Some of the most important protections for people accused of crimes can be found under the Sixth Amendment to the U.S. Constitution. Part of the Bill of Rights, the Sixth Amendment is the cornerstone of criminal defense in our criminal justice system.
The Sixth Amendment guarantees people charged with crimes the right to a trial by jury, in most circumstances. Over the years, courts have interpreted the amendment many times, and found that this right to a trial also conveys other rights, including the defendant’s right to see all the evidence used in the case against them, to see, hear and have the opportunity to cross-examine witnesses against them, the opportunity to call their own witnesses and more.
The Sixth Amendment works together with other provisions under the Bill of Rights. For instance, the Sixth Amendment provides a defendant with the opportunity to testify at their trial, but the Fifth Amendment protects defendants from being compelled to testify against themselves. Therefore, the Sixth Amendment also provides the defendant the right to decline to testify at their own trial. Many defendants decline to testify when they know that doing so puts them at a high risk of divulging self-incriminating information.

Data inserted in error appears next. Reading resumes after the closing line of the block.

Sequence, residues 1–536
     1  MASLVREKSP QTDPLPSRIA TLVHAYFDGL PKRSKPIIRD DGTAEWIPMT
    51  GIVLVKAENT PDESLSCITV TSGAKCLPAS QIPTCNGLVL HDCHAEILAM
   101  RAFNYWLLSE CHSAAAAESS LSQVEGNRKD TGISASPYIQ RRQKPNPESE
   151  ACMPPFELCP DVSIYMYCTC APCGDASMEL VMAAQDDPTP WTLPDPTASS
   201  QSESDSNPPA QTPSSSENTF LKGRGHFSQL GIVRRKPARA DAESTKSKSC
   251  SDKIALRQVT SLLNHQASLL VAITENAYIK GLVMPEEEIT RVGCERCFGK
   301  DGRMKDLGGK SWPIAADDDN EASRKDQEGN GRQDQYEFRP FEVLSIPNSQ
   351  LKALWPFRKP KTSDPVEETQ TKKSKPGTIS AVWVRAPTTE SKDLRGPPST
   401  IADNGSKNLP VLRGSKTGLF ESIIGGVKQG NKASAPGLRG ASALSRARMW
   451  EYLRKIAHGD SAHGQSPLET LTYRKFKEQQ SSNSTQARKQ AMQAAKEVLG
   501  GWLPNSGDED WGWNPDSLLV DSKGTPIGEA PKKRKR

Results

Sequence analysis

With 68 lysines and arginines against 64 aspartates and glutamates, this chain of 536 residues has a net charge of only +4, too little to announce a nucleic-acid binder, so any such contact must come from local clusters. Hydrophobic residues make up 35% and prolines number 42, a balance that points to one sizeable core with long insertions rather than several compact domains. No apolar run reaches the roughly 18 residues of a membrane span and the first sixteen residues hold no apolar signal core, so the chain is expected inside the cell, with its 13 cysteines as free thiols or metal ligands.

Note that these rights apply only to defendants. Other witnesses may be compelled to testify.
It’s important for all defendants to understand their rights, and it may be even more important for them to know how to use them. One of the most important things a criminal defense attorney can do for their clients is to help them understand the strategies and techniques they can use to protect their rights and safeguard their future.